A study by scientists at Madurai Kamaraj University, Tamil Nadu, has found evidence that chronic exposure to organophosphate insecticides induces diabetes and impaired glucose tolerance in both humans and mice. The researchers found that organophosphate-induced diabetes was mediated by gut bacteria. The results were published in the journal Genome Biology. A survey of around 3,000 people in villages in and around the university found that the prevalence of diabetes in people who were directly exposed to the insecticides was three-fold higher than in people who were not directly exposed to the insecticide. Serum analysis for four organophosphate insecticides revealed a direct correlation between pesticide level and HbA1c. “We saw a linear trend — for every unit increase in insecticide residue there was a corresponding increase in HbA1c level,” says Dr. Ganesan Velmurugan from the Department of Molecular Biology, School of Biological Sciences, Madurai Kamaraj University and the first author of the paper. Hemoglobin A1c, often abbreviated HbA1c, is a form of hemoglobin (a blood pigment that carries oxygen) that is bound to glucose. High HbA1c levels indicate poorer control of diabetes than levels in the normal range. To ascertain that chronic exposure to organophosphates led to diabetes, the researchers treated mice (2.9 microgram per kg bodyweight) with organophosphate for 180 days, which is equivalent to 12-15 years of human life. “We saw an increase in blood sugar level from day 60 in mice treated with the insecticide,” he says. “But we didn’t see any correlation between insecticide and neurotransmitter (acetylcholine esterase) level in mice treated with the pesticide.” The neurotransmitter is the main target of the pesticide.
So the researchers were confident that the pesticide was inducing diabetes through a new route of action. Studies have already shown that the pesticide is degraded by bacteria present in the gut. To ascertain this, the researchers collected faecal material from mice exposed to the pesticide for 180 days and transplanted it to a new set of mice.
“The mice that received the faecal material developed diabetes in just one week, while the control mice did not. We repeated the experiment thrice and got the same result,” Dr. Velmurugan says. “We concluded that organophosphate-induced diabetes was mediated by gut bacteria.”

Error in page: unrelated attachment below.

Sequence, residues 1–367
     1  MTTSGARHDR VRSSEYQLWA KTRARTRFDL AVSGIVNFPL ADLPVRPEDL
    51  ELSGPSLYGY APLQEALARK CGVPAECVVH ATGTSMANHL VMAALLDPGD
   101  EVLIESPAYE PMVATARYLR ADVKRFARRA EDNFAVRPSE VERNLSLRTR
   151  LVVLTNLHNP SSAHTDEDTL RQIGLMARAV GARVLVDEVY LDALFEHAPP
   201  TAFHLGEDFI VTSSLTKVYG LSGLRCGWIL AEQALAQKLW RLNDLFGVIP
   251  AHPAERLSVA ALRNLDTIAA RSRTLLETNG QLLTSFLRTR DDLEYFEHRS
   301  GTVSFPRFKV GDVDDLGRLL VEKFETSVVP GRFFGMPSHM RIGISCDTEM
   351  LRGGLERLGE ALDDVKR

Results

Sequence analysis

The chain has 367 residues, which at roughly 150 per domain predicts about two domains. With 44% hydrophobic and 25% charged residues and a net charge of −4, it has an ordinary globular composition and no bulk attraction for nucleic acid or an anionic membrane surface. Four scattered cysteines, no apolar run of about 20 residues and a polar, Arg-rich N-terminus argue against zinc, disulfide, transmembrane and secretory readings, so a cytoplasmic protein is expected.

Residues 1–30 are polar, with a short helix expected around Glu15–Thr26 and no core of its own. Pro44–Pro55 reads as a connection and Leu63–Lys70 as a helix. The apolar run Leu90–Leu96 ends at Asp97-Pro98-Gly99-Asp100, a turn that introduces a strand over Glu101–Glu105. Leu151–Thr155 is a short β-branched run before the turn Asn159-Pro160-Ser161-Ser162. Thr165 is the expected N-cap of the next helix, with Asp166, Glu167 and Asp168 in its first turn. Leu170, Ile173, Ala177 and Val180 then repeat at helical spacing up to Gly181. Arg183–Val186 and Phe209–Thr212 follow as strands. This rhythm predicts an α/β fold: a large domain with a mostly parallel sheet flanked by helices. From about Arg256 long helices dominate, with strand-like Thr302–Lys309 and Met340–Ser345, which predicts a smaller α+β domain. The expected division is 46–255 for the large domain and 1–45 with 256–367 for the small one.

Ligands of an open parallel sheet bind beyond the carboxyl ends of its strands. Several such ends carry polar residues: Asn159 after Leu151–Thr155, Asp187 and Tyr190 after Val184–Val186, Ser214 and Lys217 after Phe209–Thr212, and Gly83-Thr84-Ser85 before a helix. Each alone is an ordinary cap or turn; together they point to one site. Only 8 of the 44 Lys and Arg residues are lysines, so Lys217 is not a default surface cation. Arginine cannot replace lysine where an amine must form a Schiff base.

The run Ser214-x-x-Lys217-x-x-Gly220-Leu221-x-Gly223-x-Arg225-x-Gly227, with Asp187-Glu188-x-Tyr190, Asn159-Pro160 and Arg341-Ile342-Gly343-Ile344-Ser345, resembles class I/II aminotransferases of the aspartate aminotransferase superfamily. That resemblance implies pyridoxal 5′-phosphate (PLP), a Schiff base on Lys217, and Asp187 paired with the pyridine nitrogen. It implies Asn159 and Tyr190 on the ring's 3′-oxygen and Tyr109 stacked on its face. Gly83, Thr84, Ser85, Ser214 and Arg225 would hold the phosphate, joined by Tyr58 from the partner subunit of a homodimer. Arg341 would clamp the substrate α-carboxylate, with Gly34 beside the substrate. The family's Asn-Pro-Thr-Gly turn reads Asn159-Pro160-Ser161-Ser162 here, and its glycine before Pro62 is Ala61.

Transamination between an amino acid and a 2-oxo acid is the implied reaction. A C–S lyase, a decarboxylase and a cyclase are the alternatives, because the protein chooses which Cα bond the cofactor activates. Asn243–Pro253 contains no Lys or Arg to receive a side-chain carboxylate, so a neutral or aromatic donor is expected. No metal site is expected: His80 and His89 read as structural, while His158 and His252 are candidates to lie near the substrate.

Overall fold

To understand the molecular mechanism, the researchers did a complete gene profiling of gut bacteria present in mice that were exposed to the pesticide for 180 days. “We found the genes linked to organophosphate degradation were highly expressed,” he says. So they focussed on finding the pathway involved in the degradation of the pesticide.
The gluconeogenesis pathway — where glucose is generated from non-carbohydrate sources such as fat and proteins — was highly expressed. “The pesticide is degraded into short-chain fatty acid, particularly acetic acid. It is well known than acetic acid produces glucose, elevated blood sugar levels and glucose intolerance,” Dr. Velmurugan says.
They ascertained the role of acetic acid in elevating blood sugar level in mice by administering sodium acetate orally and through rectal route; the rectal route led to more blood sugar increase than the oral route.
The role of gut bacteria in mediating pesticide-induced diabetes was confirmed in humans by studying the faeces of diabetics. “The acetate level was higher in people with diabetes,” he says.
“The study clearly shows the prevalence of diabetic conditions mediated by microbial degradation of the pesticide in humans,” says Subbiah Ramasamy from the Department of Molecular Biology, School of Biological Sciences, MKU and the corresponding author of the paper. “So the usage of this pesticide should be seriously reconsidered.”
The Hindu, 30 January 2017